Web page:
2021 WL 630357
Supreme Court of North Dakota.
STATE of North Dakota, BY AND THROUGH WORKFORCE SAFETY AND INSURANCE, Appellee
CHEROKEE SERVICES GROUP, LLC, Cherokee Nation Government Solutions, LLC, Cherokee Medical Services, LLC, Cherokee Nation Technologies, LLC, Steve Bilby and Hudson Insurance Company, Appellants
FILED FEBRUARY 18, 2021
Appeal from the District Court of Burleigh County, South Central Judicial District, the Honorable David E. Reich, Judge.
Cherokee Services Group, LLC; Cherokee Nation Government Solutions, LLC; Cherokee Medical Services, LLC; Cherokee Nation Technologies, LLC (collectively referred to as the “Cherokee Entities”); Steven Bilby; and Hudson Insurance Company (“Hudson Insurance”) appealed from district court orders and a judgment reversing an administrative law judge’s (“ALJ”) order. The ALJ’s order concluded the Cherokee Entities and Bilby are protected by tribal sovereign immunity and Workforce Safety and Insurance (“WSI”) had no authority to issue a cease and desist order to Hudson Insurance. The district court reversed the ALJ’s determination. We reverse the district court judgment. We affirm and reinstate the ALJ’s order related to the cease and desist power of WSI, but we remand to the ALJ for further proceedings on the issue of sovereign immunity.
[¶2] The Cherokee Entities are wholly owned by the Cherokee Nation, a federally recognized tribe. Bilby served as executive general manager of the Cherokee Entities. Hudson Insurance provides worldwide workers’ compensation coverage to Cherokee Nation, and the Cherokee Entities are named insureds on the policy. WSI initiated an administrative proceeding against the Cherokee Entities, Bilby, and Hudson Insurance. WSI determined the Cherokee Entities were employers subject to North Dakota’s workers’ compensation laws and were liable for unpaid workers’ compensation premiums. WSI also ruled that Bilby, as executive general manager, was personally liable for unpaid premiums. WSI ordered the Cherokee Entities to pay the unpaid premiums. WSI also ordered Hudson Insurance to cease and desist from writing workers’ compensation coverage in North Dakota. The Cherokee Nation has no sovereign land in North Dakota, and the Cherokee Entities were operating within the state but not on any tribal lands.
[¶3] After WSI issued its order, the Cherokee Entities, Bilby, and Hudson Insurance requested an administrative hearing. At the hearing, WSI’s collections supervisor, Sarah Feist, did not dispute that the Cherokee Entities acted as an “arm of the tribe.” The ALJ reversed WSI’s decision. The ALJ found the Cherokee Entities had sovereign immunity in the area of workers’ compensation, and Bilby was not foreclosed from asserting sovereign immunity as he was sued in his official capacity. Additionally, the ALJ held WSI had no authority to issue cease and desist orders to insurance companies.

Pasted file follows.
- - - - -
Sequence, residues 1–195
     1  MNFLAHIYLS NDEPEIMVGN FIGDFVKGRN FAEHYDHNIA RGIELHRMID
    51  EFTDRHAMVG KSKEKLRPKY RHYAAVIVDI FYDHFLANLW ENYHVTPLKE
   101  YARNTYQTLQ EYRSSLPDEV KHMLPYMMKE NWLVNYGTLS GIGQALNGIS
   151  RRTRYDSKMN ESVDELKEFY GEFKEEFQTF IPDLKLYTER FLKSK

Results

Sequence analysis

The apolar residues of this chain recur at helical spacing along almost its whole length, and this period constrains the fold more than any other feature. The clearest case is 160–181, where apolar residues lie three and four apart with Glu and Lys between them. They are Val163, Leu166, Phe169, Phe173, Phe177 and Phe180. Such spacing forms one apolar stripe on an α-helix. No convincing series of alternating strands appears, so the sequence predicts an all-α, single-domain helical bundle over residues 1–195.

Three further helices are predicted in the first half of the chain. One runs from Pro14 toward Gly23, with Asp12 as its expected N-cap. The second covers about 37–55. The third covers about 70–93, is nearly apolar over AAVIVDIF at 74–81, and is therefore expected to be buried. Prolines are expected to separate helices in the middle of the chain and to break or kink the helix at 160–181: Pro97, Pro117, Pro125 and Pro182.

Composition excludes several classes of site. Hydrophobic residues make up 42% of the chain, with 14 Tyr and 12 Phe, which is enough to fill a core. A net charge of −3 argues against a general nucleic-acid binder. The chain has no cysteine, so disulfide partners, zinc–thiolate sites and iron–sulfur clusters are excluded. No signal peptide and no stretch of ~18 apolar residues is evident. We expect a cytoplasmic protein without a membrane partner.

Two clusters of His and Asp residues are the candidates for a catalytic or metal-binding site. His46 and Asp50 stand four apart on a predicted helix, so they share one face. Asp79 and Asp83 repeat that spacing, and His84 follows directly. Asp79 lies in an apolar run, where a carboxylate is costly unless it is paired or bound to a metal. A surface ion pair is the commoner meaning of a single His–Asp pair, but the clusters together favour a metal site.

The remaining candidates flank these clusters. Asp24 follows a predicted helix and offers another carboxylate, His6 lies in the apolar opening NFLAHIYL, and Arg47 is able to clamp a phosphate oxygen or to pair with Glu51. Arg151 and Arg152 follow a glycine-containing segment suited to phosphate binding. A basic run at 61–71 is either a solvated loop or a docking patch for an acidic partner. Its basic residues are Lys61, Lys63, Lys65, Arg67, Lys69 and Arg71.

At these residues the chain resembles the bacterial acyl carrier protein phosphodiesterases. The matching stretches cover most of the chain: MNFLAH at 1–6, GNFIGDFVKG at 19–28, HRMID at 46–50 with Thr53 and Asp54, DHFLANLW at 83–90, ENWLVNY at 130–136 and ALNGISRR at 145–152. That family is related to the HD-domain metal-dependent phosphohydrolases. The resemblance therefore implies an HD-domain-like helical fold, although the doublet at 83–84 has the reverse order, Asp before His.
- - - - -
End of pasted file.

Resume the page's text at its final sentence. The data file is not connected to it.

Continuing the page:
[¶4] WSI appealed the ALJ’s order to the district court. The Cherokee Entities, Bilby, and Hudson Insurance removed the case to federal court, but the federal court remanded the case back to the state district court. The state district court held the Cherokee Entities and Bilby were not entitled to sovereign immunity. The court also held WSI has authority to issue a cease and desist order to Hudson Insurance.
[¶5] “Courts exercise only a limited review in appeals from administrative agency decisions under the Administrative Agencies Practice Act, N.D.C.C. ch. 28-32.” Bergum v. N.D. Workforce Safety & Ins., 2009 ND 52, ¶ 8, 764 N.W.2d 178. Under N.D.C.C. §§ 28-32-46 and 28-32-49, a district court and this Court must affirm an administrative decision unless:
1. The order is not in accordance with the law.
2. The order is in violation of the constitutional rights of the appellant.
3. The provisions of [N.D.C.C. ch. 28-32] have not been complied with in the proceedings before the agency.
4. The rules or procedure of the agency have not afforded the appellant a fair hearing.
5. The findings of fact made by the agency are not supported by a preponderance of the evidence.
6. The conclusions of law and order of the agency are not supported by its findings of fact.
7. The findings of fact made by the agency do not sufficiently address the evidence presented to the agency by the appellant.
8. The conclusions of law and order of the agency do not sufficiently explain the agency’s rationale for not adopting any contrary recommendations by a hearing officer or an administrative law judge.
Bergum, at ¶ 8.